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Stories For A Century

“You Taught Me That!”

Thelma Barker, Faculty 1963-2005

Before coming to Rectory I was a boarding faculty at Arke Farm School in Woodstock, Connecticut and taught grades one through four in one room. In 1963 I interviewed with Rectory Headmaster John Bigelow and was hired because I was teaching cursive handwriting and reading with a phonics approach. I also had some Montessori knowledge and used sandpaper letters. At that time at Rectory the emphasis was on language training using the Orton-Gillingham book, Remedial Training for Children with Specific Disability in Reading, Spelling, and Penmanship, by Anna Gillingham and Bessie Stillman.

In addition to the language training work with students, there was a remedial reading program, and the School recently had started a developmental reading program with reading machines. A turning point came when Margaret Rawson taught a workshop for teachers here at Rectory in the summer of 1967. [Mrs. Rawson, president of the Orton Society, was known internationally as an authority in the field of language disability.] In 1969 Laura Sharp became director of the Language Retraining program at Rectory. Under Mrs. Sharp’s direction, our job as tutors was to teach students how to handle language—teach them how to read, how to spell. We were not to do homework with them. The thrust was on remediation of language difficulties. During the 1980s, when Carole Gooder directed the department, our focus broadened, and it became O.K. to help students with study skills and homework. We accommodated the needs of the types of children who now were coming to Rectory.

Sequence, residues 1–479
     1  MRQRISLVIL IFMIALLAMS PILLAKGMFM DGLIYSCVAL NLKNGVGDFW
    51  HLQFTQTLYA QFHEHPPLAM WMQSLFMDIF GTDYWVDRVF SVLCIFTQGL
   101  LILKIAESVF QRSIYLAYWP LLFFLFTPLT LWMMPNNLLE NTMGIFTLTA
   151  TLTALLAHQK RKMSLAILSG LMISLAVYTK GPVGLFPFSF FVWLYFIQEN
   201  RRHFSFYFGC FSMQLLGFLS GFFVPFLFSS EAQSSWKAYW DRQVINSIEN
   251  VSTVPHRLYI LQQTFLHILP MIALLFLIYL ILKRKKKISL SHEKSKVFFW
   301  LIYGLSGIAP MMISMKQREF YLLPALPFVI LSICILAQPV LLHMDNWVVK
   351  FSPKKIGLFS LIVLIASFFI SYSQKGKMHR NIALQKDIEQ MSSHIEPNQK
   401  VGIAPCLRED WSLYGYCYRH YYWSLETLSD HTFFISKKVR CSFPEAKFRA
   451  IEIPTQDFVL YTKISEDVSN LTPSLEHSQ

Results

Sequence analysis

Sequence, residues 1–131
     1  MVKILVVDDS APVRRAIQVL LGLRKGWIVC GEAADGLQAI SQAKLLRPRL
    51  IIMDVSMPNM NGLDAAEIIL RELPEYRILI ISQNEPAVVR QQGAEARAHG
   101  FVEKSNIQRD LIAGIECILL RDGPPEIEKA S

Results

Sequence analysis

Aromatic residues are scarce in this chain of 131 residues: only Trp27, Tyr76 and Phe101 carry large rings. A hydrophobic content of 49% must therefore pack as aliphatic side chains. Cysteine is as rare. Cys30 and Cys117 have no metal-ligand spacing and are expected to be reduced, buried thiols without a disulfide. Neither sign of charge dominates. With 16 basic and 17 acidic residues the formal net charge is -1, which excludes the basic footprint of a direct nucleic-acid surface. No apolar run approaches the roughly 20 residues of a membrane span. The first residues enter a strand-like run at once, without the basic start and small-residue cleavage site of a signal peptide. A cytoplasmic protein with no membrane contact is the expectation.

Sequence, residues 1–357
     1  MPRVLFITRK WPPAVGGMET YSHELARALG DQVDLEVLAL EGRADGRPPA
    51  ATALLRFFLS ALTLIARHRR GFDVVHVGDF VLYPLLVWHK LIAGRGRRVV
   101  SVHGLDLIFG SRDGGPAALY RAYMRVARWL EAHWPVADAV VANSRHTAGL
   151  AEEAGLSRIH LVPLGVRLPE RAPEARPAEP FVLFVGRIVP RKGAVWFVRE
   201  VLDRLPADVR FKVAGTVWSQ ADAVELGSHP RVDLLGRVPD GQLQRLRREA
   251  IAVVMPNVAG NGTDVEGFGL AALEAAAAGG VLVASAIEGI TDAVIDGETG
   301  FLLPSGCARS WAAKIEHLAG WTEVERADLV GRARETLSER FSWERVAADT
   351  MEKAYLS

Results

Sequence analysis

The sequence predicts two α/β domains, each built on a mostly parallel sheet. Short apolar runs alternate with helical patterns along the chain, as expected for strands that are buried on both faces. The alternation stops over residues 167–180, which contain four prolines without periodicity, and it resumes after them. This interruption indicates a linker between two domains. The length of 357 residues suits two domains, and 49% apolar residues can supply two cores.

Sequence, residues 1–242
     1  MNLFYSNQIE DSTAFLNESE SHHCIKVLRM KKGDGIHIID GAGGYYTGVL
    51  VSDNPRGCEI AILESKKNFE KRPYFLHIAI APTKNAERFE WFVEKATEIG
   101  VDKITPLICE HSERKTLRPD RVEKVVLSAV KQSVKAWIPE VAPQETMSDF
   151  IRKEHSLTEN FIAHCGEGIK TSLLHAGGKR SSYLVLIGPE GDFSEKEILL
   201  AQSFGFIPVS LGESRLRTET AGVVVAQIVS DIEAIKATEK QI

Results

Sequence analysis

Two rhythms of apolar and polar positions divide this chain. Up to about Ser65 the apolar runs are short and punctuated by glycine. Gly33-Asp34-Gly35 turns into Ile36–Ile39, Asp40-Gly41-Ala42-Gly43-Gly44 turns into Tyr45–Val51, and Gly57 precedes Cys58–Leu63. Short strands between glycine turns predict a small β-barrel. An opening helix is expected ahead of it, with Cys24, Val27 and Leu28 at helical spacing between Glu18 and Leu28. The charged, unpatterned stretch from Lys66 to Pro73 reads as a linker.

[During my career at Rectory, I also taught fifth-grade English, and] I always had the students in my English classes memorize poetry. One year an alumnus returned to School and recited “The Wind” by Robert L. Stevenson. It’s always good to hear “you taught me that.” I have enjoyed most working one-to-one with a student because you get to know the child and can see the progress that is made. You always wonder though, “How much help did I give my students?” There’s always that.

After fifty years as an educator, Ms. Barker retired in spring 2005 having spent forty-two of those fifty years at Rectory School. This memory originally was gathered through an interview with Mrs. Lisa Levesque (Faculty 1992-    ) and reformatted for this Centennial Story.

Image: Rectory Archives, 1980

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